As we previously mentioned, some countries – specifically, Sweden – have much higher representation at Eurovision nowadays. But this does not just apply to countries, but to specific songwriters as well. For example, the pan-European songwriting team, Symphonix International, have penned seven entries in the past three editions, including this year’s Maltese and Azerbaijani entries. Another common songwriting group are the so called ‘Dream Team’, headed by Russian-Bulgarian Philipp Kirkorov and Greece’s Dimitris Kontopoulos. Kirkorov has been involved in seven entries for four different countries, whilst Kontopoulos has penned nine entries for five different countries over the years.
And it’s not just songwriting groups, but individual songwriters themselves: iconic Swede Thomas G:son has produced 12 songs for six different countries, and German veteran Ralph Siegel has written no less than 23 Eurovision entries for five different countries. In 2019, British-Canadian songstress Laurell Barker has co-written the entries for Germany, Switzerland and the UK.
One could argue that the power of a few individuals has radicalised the contest into more of a showcase of a few specific songwriters’ talent, rather than a celebration of each country’s music scene. However, this moves us onto our next question – does using a foreign composer mean a higher quality end product?
The obvious reason that a broadcaster would select a foreign composer to write their song – or why it would end up winning a national selection – is simply because it’s better. Whilst songwriting talent is something objective, it cannot be denied that songwriters from the likes of Sweden are internationally renowned and annually produce scores of international hits; Azerbaijani songwriters do not. Broadcasters may be thinking “why settle for something mediocre when you could send something outstanding?” – which seems a fair enough thought.
One way we could try to measure the supposed ‘quality’ of foreign-composed songs would be to analyse their performance on the Eurovision scoreboard. In 2018, five of the top 10 were written with the help of foreign songwriters. However, if we look at the previous year, just one foreign-composed entry made the top 10. This year, the average ranking in the odds (as of 27/03) for entries composed with foreign input is 19.7, whilst for those sending entirely national products it is slightly lower, at 21.9. Concerning the ultimate prize, a third of this decade’s Eurovision winners (2010, 2011, 2014) were written with help from foreign composers, and in one case (2011) the song was written exclusively by non-nationals.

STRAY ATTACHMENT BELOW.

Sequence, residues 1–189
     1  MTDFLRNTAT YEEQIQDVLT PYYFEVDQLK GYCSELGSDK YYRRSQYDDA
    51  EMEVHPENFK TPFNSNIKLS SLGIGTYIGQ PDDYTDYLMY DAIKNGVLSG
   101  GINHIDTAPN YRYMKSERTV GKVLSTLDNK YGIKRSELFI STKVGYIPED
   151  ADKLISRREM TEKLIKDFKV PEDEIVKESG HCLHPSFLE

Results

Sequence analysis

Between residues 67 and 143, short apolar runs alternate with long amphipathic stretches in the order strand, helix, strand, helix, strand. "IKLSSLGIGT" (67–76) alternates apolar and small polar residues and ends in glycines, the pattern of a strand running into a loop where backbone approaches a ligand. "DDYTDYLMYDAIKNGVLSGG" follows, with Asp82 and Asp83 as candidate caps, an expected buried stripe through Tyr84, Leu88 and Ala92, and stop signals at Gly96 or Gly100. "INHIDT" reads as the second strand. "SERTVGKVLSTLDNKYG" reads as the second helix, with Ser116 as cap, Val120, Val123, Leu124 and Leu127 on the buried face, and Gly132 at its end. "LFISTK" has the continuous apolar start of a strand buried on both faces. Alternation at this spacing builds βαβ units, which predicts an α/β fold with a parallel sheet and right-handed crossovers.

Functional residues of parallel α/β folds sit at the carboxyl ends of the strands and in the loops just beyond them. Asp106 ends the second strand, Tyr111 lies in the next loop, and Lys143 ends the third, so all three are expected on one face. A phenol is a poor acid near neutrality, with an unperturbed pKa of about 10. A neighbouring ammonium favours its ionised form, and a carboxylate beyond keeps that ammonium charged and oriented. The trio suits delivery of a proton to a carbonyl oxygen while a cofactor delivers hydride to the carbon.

The difference in trends from year to year implies that there is no correlation between ‘quality’ and the involvement of foreign songwriters – they appear to produce neither ‘better’ nor ‘worse’ songs.
In the case of aforementioned Eurovision songwriting veterans, the story is varied. For example, Philipp Kirkorov continues his top 10 streak to this day. On the other hand, the golden era for Thomas G:son, Dmitris Kontopoulos and Ralph Siegel appears to be coming to an end – Kontopoulos’ most recent attempt with Azerbaijan last year failed to make the final, as is the case with 5/6 of Siegel’s attempts since the 2004 introduction the semi-final. In some cases, the use of renowned Eurovision songwriters could be keeping the contest in the past, and in fact producing more dated, ‘lower quality’ entries.
And yes, that is a word. In addition to diversity of nationalities, it is also important to have diversity of music in order to have an entertaining show. How ‘generic’ a song is is something even harder to measure than its quality, although if we were to name countries that are really “bringing something new” to the contest, those that stand out would most likely be Iceland, Portugal, Australia, Slovenia, Norway, Poland and Malta. Of these, all but Malta were produced without foreign involvement. Similarly, if we were to name seven countries that are doing the opposite, we would probably first think of Lithuania, Moldova, Cyprus, Croatia, Estonia, UK and Switzerland – all of which were created with foreign involvement.
However, being ‘generic’ is not necessarily a bad thing – Switzerland is currently sitting at third place in the odds to win Eurovision 2019. Many songs that could be labelled as generic or cliché are those loved the most, as well as those that go on to be the most successful both at and long after Eurovision – just look at the success of “Fuego”.
Another element that can set a song aside from the rest is its language. Whilst some love to hear a variety of languages at Eurovision, others prefer to hear songs in English so that the lyrics are accessible to all and Europe can understand the intended message. In this case, a foreign-produced song is more likely to be in English: just two of the 13 entries that contain a language other than English in 2019 were written with foreign songwriters (Croatia and Denmark).
Poll: Are there too many foreign-composed songs at Eurovision?
What do you think? Do you see any differences between locally and foreign produced songs? Do foreign songwriters benefit or harm the contest? Let us know in the comments below!